DNA Day experts answer your questions about DNA and extinct species

Above: Image © Public Domain

Jurassic park was just a movie but some scientist beleive that they can retrieve viable DNA from extinct species and reintroduce them back into nature. Fact or fiction?

I suppose anything is possible with enough resources and time, but there are several practical impediments for the foreseeable future. First is DNA quality. For "recent" extinct species like wooly mammoth, there are some pretty well preserved frozen samples that could be reasonably sequenced to catalog their genetic content. For older samples like in Jurassic Park, even if they were frozen (which they were not), high energy cosmic rays do a number on the genome over the eons leaving only tiny chemically modified DNA fragments. If you manage to get enough good ancient DNA to sequence and assemble completely, you need to synthesize this genome error-free. Once you synthesize this genome, you need to find a host organism to act as the extinct species' mother. MAYBE an elephant would work for a wooly mammoth, but it seems very unlikely that a reptile or bird egg would work for a dinosaur though without MANY years of experimentation. Despite the many news stories of success, scientists still have a hard enough time doing this successfully with sheep, in sheep, with natural DNA.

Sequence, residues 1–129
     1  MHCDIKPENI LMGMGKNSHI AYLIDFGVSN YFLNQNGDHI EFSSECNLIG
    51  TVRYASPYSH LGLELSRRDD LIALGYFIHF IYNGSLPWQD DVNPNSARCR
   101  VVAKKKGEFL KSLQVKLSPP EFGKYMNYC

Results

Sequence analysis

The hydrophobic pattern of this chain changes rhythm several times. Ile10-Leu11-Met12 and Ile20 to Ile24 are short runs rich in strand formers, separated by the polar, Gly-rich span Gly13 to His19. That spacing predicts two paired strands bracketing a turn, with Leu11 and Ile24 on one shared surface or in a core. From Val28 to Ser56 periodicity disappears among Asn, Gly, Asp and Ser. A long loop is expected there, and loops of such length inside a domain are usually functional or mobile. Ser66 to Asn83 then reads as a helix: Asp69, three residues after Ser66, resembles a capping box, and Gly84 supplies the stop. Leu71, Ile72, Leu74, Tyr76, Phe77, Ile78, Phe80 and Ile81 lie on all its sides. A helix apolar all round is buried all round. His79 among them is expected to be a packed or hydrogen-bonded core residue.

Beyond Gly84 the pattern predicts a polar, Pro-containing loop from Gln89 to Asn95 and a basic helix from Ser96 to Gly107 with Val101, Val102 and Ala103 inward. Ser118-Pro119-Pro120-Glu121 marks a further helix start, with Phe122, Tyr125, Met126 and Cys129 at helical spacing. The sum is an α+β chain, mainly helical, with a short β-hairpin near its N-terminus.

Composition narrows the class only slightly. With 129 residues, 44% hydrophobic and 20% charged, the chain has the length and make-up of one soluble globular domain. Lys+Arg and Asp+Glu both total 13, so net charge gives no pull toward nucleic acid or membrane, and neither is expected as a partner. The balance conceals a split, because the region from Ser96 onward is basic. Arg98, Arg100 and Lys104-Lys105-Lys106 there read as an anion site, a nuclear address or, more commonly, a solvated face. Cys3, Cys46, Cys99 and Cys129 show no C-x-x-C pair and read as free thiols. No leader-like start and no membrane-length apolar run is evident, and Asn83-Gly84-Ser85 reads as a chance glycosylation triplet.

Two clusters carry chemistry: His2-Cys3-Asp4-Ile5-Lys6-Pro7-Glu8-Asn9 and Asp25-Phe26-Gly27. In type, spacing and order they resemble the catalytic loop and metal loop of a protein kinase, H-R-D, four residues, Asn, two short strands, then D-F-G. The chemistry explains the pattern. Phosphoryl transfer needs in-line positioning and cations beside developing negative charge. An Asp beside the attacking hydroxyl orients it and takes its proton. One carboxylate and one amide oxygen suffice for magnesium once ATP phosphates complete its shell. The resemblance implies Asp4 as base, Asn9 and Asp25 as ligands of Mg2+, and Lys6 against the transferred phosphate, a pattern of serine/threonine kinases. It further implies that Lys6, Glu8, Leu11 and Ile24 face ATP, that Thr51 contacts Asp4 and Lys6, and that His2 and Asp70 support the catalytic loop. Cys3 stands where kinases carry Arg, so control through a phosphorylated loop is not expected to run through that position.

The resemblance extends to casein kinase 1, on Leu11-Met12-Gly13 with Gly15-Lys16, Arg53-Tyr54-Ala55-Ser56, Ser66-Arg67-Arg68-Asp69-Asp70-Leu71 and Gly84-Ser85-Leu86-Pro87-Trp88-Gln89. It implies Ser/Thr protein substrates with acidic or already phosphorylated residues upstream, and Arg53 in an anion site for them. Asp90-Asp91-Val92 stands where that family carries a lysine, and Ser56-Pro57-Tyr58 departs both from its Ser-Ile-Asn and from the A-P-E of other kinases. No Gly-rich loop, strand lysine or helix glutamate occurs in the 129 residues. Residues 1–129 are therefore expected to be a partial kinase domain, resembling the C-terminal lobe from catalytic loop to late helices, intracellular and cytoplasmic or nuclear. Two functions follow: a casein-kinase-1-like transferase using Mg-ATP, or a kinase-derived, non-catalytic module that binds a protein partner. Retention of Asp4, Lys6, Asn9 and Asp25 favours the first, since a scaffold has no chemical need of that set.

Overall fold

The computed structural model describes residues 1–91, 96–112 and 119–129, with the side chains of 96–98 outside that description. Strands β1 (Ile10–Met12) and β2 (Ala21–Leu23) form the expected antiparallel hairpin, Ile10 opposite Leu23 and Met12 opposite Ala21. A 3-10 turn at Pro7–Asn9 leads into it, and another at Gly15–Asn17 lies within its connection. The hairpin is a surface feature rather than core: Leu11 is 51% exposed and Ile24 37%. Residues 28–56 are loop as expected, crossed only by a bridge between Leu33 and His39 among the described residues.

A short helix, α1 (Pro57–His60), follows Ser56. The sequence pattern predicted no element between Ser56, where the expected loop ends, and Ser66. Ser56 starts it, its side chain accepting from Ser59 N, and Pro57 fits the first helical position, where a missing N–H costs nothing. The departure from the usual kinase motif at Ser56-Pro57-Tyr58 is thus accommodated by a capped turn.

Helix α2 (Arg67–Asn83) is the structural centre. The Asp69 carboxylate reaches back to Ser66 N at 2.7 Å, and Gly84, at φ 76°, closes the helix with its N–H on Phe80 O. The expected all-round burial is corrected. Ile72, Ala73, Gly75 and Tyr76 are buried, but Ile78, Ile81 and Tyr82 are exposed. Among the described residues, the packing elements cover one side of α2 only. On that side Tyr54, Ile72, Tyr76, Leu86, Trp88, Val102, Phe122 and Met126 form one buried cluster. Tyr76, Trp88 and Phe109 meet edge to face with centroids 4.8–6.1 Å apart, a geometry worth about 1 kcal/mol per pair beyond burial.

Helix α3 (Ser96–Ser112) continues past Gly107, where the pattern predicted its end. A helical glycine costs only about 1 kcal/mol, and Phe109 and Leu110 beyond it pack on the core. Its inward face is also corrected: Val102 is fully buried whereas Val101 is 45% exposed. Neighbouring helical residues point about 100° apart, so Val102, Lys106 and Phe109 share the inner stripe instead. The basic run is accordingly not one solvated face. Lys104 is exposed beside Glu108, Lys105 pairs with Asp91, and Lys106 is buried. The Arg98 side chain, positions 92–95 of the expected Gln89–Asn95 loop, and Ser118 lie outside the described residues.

- Answer provided by Dr. Paul Gordon

Could an extinct animal be brought back to life through it's DNA?

Hah! Good question. There's been a lot of talk about this, like re-creating the wooly mammoth. If you could get really well-preserved DNA from, say, a frozen mammoth in Siberia, and you could insert that into an elephant's ovum .... (kind of like cloning) AND you could fertilize that egg, then you would get a half-elephant, half-mammoth embryo. That's not quite good enough, right? So ideally you'd continue this to keep increasing the percentage of mammoth genes, until you got something close to the original. back to mammoths for a second - even most bison today (and there are about 800,000 in North America) are not genetically pure. Most have traces of cow genes from attempts year ago to breed cows with bison.

- Answer provided by Jay Ingram


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